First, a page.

Third, the 177-year legacy of Southern Baptists’ mission work through the IMB has resulted in a vast global network of like-minded ministry partners. With these partners, your investment in international missions through the Cooperative Program is making an exponential impact. Many of those ministry partners are in Ukraine, and many more are spread across Eastern Europe and the entirety of the European continent. In fact, today we can count colleagues in at least 140 Baptist conventions and unions of Baptist churches around the world. This is truly the “fruit that remains” from the Southern Baptist model of cooperative missions fueled by the CP. As the world watches the fastest, largest displacement of European peoples since World War II, we are working with churches, dozens of European Baptist groups, and a host of evangelical organizations to ensure the best stewardship and most immediate impact of the resources Southern Baptists are providing.
Fourth, unlike the work of most relief agencies, the priority of the IMB and Send Relief is the propagation of the Gospel. While Southern Baptists are fully committed to help the “least of these” who are suffering during this war, we also realize that a refugee who has been provided a warm bed and a hot meal will still spend eternity in hell apart from Christ. A person’s greatest problem has not changed even when they have escaped from a warzone. The greatest problem of every person and of the entire world is lostness. The Gospel is the only solution to that problem, and the highest priority of the IMB and Send Relief is to share the Gospel.
One of the creative ways the IMB is sharing the Gospel and offering hope to Ukrainian refugees is through social media. Less than one week into the war, the IMB launched a digital engagement evangelism strategy which reaches Ukrainians using Facebook advertisements and a website we’ve just launched. From the site, Ukrainians can hear the Gospel in their language; message a believer if they want to know more; read the Bible; and access evangelism resources to assist anyone in sharing the Gospel with the Ukrainian people.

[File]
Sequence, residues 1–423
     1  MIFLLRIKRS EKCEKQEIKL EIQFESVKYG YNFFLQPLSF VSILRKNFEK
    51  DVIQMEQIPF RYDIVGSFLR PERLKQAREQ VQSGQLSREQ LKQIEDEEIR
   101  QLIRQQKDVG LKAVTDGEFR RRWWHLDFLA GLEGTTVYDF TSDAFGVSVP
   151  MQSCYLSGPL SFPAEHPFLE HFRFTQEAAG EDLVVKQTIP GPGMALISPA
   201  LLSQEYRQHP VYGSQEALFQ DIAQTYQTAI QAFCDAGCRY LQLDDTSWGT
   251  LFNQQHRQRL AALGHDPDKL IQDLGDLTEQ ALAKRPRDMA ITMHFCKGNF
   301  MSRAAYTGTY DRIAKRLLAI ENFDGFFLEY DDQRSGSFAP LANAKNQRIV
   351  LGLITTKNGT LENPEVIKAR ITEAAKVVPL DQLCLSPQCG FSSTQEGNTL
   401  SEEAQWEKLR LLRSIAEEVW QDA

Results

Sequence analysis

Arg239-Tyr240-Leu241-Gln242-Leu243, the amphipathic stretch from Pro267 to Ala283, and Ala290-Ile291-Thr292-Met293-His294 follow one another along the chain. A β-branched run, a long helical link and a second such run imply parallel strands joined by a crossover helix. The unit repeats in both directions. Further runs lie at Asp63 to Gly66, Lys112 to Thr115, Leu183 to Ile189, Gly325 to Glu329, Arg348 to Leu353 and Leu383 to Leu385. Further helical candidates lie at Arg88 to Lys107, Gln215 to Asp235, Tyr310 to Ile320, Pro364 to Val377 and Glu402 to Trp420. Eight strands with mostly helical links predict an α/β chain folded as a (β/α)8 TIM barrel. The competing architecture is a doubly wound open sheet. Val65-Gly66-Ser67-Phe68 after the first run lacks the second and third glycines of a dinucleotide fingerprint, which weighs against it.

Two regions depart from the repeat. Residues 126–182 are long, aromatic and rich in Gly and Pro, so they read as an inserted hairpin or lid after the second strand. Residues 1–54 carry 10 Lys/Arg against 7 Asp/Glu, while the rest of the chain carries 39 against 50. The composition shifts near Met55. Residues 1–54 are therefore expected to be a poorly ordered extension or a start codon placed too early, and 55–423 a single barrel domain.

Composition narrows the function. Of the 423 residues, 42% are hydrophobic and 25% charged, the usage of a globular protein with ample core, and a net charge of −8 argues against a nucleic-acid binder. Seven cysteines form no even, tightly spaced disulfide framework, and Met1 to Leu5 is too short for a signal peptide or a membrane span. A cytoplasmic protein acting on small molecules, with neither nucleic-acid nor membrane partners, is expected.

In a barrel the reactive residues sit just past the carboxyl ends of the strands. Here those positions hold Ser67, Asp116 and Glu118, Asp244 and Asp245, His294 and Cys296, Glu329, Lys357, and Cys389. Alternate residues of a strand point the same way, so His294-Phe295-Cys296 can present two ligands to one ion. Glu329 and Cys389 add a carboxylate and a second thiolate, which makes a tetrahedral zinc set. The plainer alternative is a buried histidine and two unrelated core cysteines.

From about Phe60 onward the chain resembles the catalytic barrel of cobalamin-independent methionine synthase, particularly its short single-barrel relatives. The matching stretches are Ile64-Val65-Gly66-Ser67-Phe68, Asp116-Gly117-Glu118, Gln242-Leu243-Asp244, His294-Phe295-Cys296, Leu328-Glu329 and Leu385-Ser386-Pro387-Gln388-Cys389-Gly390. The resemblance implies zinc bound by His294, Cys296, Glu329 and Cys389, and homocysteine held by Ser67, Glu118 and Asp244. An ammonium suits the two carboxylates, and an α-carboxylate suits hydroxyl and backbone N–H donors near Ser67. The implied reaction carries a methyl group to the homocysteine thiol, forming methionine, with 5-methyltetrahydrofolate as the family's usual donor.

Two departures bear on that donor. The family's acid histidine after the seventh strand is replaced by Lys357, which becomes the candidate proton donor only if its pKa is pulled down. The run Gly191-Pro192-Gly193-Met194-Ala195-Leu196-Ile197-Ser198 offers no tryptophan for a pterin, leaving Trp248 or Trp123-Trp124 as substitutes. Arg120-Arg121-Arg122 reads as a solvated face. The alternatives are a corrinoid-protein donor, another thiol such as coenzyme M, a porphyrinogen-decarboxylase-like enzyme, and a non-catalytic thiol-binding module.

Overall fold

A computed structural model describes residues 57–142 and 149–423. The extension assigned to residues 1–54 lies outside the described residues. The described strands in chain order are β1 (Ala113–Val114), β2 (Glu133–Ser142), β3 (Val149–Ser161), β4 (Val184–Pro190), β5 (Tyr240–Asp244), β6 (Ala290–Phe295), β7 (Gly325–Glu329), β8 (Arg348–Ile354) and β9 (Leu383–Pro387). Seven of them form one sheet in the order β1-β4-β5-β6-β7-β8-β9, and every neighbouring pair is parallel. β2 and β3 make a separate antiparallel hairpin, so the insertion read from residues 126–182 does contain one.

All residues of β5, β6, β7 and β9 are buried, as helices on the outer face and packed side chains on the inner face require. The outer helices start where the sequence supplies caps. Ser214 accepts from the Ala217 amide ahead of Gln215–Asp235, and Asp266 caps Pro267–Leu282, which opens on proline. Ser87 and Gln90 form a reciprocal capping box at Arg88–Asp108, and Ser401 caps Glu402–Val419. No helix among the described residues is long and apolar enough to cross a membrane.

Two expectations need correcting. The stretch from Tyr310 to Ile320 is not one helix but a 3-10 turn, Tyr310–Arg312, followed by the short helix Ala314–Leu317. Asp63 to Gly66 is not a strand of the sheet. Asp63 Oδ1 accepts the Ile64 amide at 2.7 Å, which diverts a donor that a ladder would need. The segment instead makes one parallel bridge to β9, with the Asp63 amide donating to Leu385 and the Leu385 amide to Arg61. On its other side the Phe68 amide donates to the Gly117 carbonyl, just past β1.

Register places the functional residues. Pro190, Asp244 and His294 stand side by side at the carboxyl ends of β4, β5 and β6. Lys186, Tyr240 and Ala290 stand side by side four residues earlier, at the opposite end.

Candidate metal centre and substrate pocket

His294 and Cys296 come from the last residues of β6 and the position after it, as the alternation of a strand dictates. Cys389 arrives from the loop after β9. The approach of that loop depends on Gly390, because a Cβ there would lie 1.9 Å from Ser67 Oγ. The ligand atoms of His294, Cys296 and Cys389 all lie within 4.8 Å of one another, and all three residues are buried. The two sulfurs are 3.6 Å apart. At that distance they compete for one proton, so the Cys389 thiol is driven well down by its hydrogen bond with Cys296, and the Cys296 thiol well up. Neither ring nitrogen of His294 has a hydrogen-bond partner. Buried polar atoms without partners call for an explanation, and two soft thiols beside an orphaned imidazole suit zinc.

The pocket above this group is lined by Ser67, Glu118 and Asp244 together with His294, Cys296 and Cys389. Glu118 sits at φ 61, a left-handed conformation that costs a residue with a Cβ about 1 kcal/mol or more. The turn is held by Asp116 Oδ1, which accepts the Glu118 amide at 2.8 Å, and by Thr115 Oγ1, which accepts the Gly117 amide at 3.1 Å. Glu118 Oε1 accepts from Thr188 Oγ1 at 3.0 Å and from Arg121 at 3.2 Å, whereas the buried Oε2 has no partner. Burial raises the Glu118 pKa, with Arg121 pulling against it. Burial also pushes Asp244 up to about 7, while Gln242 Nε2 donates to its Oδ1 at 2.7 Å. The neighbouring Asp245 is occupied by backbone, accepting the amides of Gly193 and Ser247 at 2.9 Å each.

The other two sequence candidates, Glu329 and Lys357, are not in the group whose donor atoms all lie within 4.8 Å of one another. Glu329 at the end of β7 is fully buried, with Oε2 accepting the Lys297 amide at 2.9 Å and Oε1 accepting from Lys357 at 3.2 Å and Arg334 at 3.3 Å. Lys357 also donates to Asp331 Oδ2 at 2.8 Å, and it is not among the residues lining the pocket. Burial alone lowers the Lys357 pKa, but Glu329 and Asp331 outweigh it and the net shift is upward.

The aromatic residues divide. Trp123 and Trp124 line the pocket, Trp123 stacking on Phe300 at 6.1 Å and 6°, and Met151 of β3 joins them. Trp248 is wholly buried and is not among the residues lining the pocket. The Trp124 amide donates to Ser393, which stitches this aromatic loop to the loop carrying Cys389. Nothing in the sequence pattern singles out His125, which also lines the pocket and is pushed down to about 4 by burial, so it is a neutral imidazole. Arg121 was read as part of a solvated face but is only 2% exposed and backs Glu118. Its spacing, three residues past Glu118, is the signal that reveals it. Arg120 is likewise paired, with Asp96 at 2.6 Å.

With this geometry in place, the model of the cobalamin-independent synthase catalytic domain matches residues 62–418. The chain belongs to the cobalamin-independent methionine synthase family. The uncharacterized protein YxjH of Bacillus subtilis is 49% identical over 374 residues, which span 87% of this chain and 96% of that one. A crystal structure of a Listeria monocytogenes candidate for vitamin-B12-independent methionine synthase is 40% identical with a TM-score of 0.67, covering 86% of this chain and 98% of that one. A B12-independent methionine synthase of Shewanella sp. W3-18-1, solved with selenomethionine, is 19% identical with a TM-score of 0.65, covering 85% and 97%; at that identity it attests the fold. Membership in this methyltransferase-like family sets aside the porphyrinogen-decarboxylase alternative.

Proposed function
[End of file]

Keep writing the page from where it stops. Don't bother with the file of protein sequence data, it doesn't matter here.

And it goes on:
Plans are now underway to bring this digital engagement strategy into real-life action at the border and beyond. Cards, flyers and stickers with QR codes containing links to the Hope for Ukraine website will be printed and made available for anyone to hand out. This is another opportunity for us to maximize the chances of many hearing the Gospel, even from brief encounters at aid stations, border crossings and refugee camps.
The early results of this effort have been staggering as more than 5.6 million people have seen one of the two ads running on Facebook, resulting in 33,550 clicks to private message and 274,660 clicks to the website link. Currently, 22 Ukrainians are helping respond to these Gospel-centric messages.
While we celebrate the impact Southern Baptists are making in this war, we continue to grieve the devastation and loss of life impacting the people of Ukraine. Continue to pray for peace and for those who are suffering. And let us be reminded of the sense of urgency that accompanies Gospel proclamation. Among the thousands who have died, those who died lost represent the greatest tragedy of this war.
How can you help ensure that more Ukrainians are helped and have the opportunity to hear the gospel? In addition to your church’s CP gifts, you can give directly to the IMB’s work in Ukraine through the Send Relief website at sendrelief.org.